Keswick’s landing stages must be one of the most-photographed locations in the Lake District. You can still get lovely images if you choose your time or conditions – early morning mist, still water, autumn colours, even the unusual angle of sunset in late June – but there will always be other people hanging around, and other photographers to avoid. If you do make eye contact with another photographer, you know you share his guilt of laziness in your choice of subject.
I certainly wouldn’t be around that part of Derwentwater in the middle of an afternoon at the height of summer, but last month I had a week up in the Lakes and I simply couldn’t motivate myself to fight the weather. There is a saying that for the photographer there’s no such thing as bad light, just a bad attitude, and it seemed to sum up how the week’s unchanging grey skies had affected me. Sunrises seemed too early, sunsets didn’t really happen, everything was just green, green, green, and so I caught up with some reading and worked my way through the previous weekend’s pictures from Hoghton Tower. But by Thursday, while the skies were still overcast, at least I was beginning to recover and needed to get outdoors.
For me there seems a problem with timelapse photography – I only want to do it when I’ve nothing better in prospect. If the light’s interesting, do I really want to hang around in one place for half an hour, or much longer, while the camera snaps away? But if I shoot a timelapse sequence merely to fill time, when I can’t see opportunities for normal photography, are the results ever likely to merit the effort of standing around all that time? That’s a mental barrier I can’t easily overcome!
I haven’t shot many timelapse sequences and this afternoon I was testing my sense for how to match frame rate to different subjects. I think I’ve settled on 5 second intervals for big landscapes as it allows cloud movement to dominate the movie. The downside is that since 12 frames per minute produces a mere half a second of video, I’d have to stand around for at least half an hour to record a useful 15 seconds of landscape footage. With a busy scene like this, I was trying 2 second intervals and shot for about 90 minutes. It still seemed rather manic, so I’ve halved the speed and plan to use 1 second intervals next time.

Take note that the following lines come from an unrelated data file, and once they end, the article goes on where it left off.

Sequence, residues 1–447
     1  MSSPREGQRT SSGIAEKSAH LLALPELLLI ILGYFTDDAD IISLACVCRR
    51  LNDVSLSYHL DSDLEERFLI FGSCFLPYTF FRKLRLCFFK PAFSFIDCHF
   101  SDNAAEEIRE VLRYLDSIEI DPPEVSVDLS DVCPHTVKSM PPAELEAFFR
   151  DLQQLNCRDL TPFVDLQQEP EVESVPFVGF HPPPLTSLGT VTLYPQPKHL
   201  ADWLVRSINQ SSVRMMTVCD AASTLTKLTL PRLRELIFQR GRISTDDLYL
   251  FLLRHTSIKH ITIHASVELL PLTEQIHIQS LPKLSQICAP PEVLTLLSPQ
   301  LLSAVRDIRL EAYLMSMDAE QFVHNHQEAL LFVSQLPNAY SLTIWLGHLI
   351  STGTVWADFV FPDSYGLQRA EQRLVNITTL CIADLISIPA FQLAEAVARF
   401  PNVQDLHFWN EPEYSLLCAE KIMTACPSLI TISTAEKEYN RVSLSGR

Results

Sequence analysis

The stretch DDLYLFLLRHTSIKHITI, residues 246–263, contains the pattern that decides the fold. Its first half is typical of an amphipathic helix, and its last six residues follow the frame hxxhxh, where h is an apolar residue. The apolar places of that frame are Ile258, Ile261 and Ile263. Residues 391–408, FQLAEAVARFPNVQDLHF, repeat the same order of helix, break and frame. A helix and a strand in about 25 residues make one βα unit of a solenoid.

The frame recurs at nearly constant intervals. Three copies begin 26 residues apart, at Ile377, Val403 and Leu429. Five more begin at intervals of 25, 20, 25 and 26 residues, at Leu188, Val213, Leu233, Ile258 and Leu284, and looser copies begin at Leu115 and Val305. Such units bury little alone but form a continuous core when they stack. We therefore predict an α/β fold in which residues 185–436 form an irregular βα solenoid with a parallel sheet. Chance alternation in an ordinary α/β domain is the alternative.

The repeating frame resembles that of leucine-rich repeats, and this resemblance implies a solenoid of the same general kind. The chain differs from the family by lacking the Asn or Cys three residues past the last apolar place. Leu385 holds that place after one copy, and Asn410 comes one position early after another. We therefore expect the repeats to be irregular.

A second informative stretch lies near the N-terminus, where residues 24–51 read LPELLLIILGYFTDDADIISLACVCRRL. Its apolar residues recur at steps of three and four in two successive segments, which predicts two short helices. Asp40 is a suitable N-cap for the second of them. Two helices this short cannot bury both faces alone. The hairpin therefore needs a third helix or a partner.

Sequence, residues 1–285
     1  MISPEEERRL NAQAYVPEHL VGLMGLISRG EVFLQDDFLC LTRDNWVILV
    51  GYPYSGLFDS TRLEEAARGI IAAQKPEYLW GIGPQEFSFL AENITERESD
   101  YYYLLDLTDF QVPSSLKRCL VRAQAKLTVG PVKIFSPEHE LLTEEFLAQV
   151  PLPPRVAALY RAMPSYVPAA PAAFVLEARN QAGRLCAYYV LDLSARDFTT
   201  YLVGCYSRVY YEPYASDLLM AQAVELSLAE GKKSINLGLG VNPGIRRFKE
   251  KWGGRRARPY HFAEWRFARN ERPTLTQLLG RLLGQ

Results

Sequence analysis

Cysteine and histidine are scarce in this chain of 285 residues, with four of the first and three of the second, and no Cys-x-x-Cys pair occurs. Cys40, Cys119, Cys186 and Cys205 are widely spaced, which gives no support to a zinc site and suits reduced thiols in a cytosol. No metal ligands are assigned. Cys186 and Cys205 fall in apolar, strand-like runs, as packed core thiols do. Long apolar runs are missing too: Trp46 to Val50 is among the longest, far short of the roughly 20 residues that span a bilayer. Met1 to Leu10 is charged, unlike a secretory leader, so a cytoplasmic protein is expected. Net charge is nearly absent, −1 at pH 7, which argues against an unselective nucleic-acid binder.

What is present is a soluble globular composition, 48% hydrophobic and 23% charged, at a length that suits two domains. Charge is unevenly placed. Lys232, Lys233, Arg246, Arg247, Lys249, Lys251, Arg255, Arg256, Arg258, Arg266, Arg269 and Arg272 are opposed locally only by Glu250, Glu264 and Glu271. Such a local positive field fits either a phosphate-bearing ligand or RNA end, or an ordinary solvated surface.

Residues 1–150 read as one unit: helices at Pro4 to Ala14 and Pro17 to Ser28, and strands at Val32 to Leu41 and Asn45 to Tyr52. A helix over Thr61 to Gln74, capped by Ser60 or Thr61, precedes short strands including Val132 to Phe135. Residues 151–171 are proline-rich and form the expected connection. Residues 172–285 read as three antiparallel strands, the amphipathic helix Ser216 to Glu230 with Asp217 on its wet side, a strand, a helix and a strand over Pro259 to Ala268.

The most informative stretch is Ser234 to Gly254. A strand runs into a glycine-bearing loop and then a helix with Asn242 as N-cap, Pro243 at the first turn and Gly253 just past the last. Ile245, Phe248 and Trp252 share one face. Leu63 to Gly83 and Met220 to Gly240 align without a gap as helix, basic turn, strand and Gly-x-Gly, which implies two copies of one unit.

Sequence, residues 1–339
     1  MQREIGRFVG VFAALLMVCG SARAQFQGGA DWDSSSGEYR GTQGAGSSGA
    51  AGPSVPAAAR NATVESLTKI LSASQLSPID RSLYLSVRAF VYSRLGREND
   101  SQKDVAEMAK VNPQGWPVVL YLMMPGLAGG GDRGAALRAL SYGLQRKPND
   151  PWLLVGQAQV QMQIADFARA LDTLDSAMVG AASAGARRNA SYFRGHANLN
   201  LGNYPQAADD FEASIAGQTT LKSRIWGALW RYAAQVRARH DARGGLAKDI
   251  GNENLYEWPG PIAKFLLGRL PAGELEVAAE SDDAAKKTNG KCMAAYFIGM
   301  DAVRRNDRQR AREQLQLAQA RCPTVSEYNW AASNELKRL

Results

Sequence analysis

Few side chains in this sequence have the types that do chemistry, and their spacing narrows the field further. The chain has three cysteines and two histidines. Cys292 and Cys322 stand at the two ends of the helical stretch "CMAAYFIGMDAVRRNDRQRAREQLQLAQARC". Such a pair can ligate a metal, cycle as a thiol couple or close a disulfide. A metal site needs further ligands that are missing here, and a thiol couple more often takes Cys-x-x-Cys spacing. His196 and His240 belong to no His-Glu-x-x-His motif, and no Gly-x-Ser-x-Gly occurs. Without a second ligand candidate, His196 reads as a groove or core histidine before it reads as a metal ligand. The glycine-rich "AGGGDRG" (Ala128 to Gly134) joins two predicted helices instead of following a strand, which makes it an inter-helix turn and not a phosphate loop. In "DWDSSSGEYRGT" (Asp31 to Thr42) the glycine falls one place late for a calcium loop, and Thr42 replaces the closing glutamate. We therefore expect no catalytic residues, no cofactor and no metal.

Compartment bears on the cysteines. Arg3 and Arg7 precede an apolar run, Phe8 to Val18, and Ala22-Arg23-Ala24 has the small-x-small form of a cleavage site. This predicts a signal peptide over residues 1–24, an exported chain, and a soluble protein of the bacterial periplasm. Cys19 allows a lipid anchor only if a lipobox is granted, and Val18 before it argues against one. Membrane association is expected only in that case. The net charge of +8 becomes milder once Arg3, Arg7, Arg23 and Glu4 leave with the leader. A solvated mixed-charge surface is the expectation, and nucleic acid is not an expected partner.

Sound required a bit of ingenuity. I tried recording a movie on my iPad so that I could strip the sound off it, but I still could hear the D800’s shutter release from 20 metres away – at least when the ducks and geese fell silent. So when I had finished shooting the timelapse sequence I simply recorded some standard video on the D800.
I am a complete beginner with video editing. I have recently got my hands on Adobe’s Premiere Pro and After Effects, and I am enjoying learning them, but for relatively-simple video projects you can use Photoshop. So here it was Photoshop that was used to splice the sound onto the timelapse movie and then render the final result, and one advantage of Photoshop is that you can use your existing experience and techniques – in this case a Curves adjustment layer darkens the sky, and a couple of other things are going on too.
File format also deserves some thought. Here I shot directly to movie format because my D800 has a timelapse feature that bakes a 1920*1080 pixel MOV file. While this seemed simpler than shooting hundreds of raw files and baking the timelapse movie in Lightroom or Photoshop, the latter approach would allow more scope to adjust the results and more pixels might allow you to add interesting pan and zoom effects during post production. I’m unsure if I would use Photoshop or Premiere Pro or After Effects for panning and zooming, but figuring it out is a big part of the fun.
And isn’t that the point? The weather might be dull and uninspiring, the subject may a cliche, and “l’enfer c’est les autres”, but isn’t experimentation interesting enough in its own right to get you out of the door? It should be, shouldn’t it?